As I mentioned in my last Weeknotes, I had a scheduled surgery, which was unexpected. This experience has had a profound impact on me and will likely have a lasting effect. While I generally dislike change, I believe that this particular change is for the better.
I had just a few hours to decide whether or not to go through with the surgery, and I didn’t even have the luxury to really think it over because it was a matter of life and death. All I could think about was the expenses. The healthcare system in the Philippines is known to be one of the worst. In my own experience, I bought prepaid insurance from ██████, but it turned out to be a waste of money because they didn’t cover my diagnosis. Thankfully, it was a wise decision to keep my PhilHealth membership active prior to my surgery, and I’m grateful that it was accepted. (I admit, it was my fault for not keeping up with the payments after getting the membership though.)
Much has been said that we can all live without our gallbladder, but if you really love food it’s not true. Who are the doctors kidding?
Going into the operating room felt like it lasted forever, yet it happened so quickly. Music filled the room, and I could see the doctors and nurses dancing and singing along to a song by Dua Lipa. It was a moment of relief for me. Even though I was already feeling anxious, there was a strange calmness within me. It felt like I was already sedated, with everything around me feeling light and serene. Perhaps the medical team knew that patients would naturally be scared in that situation, so the music helped to ease our fears. The anesthesiologist was still searching for my small nerves (which has been a problem ever since.) As they were preparing, a song from the Barbie movie, “What Was I Made For” by Billie Eilish, played in the background. It was a deeply emotional song for such a pathetic moment, although perhaps not the most suitable choice for someone as anxious as myself. I couldn’t help but cry, and I asked the nurse to gently wipe away my tears.
Then, everything went blank.
The next thing I heard was that the surgery was successful, and I was being taken to the recovery room.
The recovery room was filled with noise, but it a comforting kind of noise because it meant I’m conscious and returning to life. The first thing I asked was if I could see my dog, Nooning, whom I had missed dearly. The nurse kindly replied that she’s sorry but I would have to wait until I got home. And then, I took a momentous step by moving my feet. My partner’s parents had emphasized the importance of this action every time they called. It wasn’t quite the dramatic flair of Uma Thurman from Kill Bill trying to wiggle her feet. My vision was blurry and the effects of anesthesia and painkillers made everything feel slow and surreal.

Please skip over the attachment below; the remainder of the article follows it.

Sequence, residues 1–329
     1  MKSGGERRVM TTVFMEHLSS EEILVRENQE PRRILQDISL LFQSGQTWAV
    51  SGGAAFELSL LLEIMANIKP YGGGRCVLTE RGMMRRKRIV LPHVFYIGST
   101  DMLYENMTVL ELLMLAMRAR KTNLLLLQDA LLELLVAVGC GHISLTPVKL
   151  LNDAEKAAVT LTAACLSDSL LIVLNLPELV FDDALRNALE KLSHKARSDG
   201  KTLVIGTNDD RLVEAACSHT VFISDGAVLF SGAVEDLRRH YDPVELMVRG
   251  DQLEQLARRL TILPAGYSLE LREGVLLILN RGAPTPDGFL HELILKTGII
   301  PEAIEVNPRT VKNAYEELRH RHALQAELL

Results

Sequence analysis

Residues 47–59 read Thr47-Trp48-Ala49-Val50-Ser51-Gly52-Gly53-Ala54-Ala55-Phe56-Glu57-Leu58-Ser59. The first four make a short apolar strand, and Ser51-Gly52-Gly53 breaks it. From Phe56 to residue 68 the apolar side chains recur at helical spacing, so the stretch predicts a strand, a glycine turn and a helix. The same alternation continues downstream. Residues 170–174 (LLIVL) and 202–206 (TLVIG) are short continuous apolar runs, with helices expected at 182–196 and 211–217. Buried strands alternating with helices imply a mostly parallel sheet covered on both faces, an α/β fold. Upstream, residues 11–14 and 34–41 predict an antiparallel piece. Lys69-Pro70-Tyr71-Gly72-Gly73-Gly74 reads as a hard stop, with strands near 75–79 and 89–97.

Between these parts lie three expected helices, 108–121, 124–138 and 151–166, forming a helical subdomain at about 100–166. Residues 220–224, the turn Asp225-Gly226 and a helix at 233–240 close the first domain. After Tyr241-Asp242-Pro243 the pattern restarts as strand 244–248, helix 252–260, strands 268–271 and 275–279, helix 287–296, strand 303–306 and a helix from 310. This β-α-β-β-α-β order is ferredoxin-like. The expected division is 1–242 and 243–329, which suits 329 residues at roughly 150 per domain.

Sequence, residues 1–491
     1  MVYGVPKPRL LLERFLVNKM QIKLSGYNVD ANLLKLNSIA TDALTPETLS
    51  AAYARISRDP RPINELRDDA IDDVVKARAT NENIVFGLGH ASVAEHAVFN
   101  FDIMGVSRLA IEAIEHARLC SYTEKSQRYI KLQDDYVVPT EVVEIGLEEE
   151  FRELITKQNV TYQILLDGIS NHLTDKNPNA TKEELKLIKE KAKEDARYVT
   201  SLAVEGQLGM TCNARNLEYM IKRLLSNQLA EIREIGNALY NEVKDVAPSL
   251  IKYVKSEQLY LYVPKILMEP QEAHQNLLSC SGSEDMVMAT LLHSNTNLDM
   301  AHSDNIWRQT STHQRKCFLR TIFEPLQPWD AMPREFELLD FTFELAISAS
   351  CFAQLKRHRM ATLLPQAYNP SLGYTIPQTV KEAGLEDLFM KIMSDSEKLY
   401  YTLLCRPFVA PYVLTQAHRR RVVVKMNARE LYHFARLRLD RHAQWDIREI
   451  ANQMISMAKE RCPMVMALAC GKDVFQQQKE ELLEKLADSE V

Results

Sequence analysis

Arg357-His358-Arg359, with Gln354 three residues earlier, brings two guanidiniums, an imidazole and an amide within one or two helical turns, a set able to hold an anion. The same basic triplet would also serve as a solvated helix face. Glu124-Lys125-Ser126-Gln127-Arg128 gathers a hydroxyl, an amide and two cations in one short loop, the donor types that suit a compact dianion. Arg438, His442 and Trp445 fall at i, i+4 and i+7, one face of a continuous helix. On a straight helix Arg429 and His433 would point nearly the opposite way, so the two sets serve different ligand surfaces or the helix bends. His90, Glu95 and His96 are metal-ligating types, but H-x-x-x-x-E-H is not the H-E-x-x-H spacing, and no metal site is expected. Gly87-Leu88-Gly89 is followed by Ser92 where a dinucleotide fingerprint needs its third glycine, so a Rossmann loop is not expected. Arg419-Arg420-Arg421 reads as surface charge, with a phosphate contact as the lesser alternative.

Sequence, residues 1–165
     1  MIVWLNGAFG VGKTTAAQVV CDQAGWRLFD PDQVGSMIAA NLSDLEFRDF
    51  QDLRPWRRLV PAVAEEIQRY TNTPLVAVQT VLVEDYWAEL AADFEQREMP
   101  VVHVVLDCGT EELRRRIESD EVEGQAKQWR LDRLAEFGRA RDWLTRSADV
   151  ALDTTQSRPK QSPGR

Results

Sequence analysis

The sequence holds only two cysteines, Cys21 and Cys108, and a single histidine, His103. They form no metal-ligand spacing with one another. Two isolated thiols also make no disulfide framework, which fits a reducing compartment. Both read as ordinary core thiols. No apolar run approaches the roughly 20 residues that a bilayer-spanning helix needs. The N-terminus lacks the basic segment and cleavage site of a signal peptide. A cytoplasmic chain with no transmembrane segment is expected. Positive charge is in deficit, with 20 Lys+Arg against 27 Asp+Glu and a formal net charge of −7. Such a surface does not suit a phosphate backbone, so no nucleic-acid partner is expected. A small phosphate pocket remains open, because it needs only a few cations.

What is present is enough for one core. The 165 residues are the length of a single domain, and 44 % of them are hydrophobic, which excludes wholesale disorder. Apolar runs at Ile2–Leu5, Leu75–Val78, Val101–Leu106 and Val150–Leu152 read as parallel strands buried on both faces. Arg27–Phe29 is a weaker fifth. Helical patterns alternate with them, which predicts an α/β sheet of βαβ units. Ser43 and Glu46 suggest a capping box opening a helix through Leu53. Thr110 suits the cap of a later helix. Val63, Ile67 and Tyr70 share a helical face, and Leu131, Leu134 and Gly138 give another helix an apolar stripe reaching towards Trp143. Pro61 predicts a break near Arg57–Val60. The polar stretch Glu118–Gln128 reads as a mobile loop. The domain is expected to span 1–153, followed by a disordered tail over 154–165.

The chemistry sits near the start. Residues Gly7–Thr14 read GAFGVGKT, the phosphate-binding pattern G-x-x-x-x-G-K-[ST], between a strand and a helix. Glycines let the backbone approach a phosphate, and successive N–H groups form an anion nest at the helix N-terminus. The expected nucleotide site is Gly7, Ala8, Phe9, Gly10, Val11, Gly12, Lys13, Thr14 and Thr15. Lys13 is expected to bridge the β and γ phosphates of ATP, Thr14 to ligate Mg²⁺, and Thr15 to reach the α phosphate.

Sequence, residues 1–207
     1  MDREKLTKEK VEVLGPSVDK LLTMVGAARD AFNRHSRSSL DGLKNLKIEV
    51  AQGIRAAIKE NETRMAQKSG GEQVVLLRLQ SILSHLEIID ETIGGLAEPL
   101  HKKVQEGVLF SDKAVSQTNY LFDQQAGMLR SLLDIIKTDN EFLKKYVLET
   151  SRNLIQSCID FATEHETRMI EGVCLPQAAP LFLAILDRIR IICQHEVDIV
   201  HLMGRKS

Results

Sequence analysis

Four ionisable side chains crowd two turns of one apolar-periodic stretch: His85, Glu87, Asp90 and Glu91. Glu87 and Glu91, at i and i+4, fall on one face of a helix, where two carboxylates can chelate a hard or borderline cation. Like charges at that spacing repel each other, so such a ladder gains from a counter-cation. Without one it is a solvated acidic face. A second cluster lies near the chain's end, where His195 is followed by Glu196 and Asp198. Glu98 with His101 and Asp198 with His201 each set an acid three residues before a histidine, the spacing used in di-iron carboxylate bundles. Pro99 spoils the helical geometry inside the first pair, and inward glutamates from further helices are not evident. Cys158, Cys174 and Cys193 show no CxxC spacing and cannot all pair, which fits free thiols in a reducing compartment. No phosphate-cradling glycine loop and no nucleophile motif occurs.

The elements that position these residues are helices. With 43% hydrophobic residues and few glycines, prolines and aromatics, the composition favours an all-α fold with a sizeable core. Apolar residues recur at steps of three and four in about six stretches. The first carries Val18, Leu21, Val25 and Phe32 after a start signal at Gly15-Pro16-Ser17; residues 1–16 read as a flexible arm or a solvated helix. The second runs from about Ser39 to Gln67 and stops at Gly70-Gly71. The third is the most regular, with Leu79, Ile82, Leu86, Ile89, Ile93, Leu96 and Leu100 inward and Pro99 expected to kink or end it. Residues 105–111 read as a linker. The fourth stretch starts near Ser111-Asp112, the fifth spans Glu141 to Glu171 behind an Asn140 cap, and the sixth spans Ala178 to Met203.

After my surgery, I endured the dreaded hours of waking up every 4 hours as a nurse would come in and administer my (IV) antibiotics. I wholeheartedly agree with Craig Mod when he wrote, “we should throw open our front doors and shout into the fresh morning air: ‘Thank you, antibiotics!’” Those little pills were my saviors, ensuring my recovery and bringing me back to life. It was a moment that filled me with an overwhelming sense of relief and deep appreciation for the wonders of modern medicine. The power of those antibiotics was nothing short of miraculous, and I will always be thankful for their existence.
So I guess, it’s a “new year, new me” kind of situation now. In my case I HAVE TO completely turn my lifestyle around and prioritize my health to avoid any potential side effects. It hasn’t been easy. Those first few days at home were tough. I needed help to sit down, get up from bed, go to the bathroom, and walk in general because the right side of my body is still numb.
Being in this situation feels like attending a family get-together on a Sunday. Seeing my family move around the room was stressful, but I am incredibly grateful for their unwavering support. My family’s support has meant the world to me, especially my partner who has been by my side through it all. She continues to help me make meal plans so I can recover quickly.
Just the thought of the foods I should avoid was painful because I absolutely love food. I love to cook, and I thrive on the flavors in my dishes. But it’s not the end of the world. I can still enjoy some of my favorite dishes, I just have to be mindful and get creative with my cooking.
I don’t know how to feel about all this. It’s definitely a challenge, but I’m up for it. After all, life is full of twists and turns, and this is just another chapter in my journey towards better health.
Thoughts? Email me.
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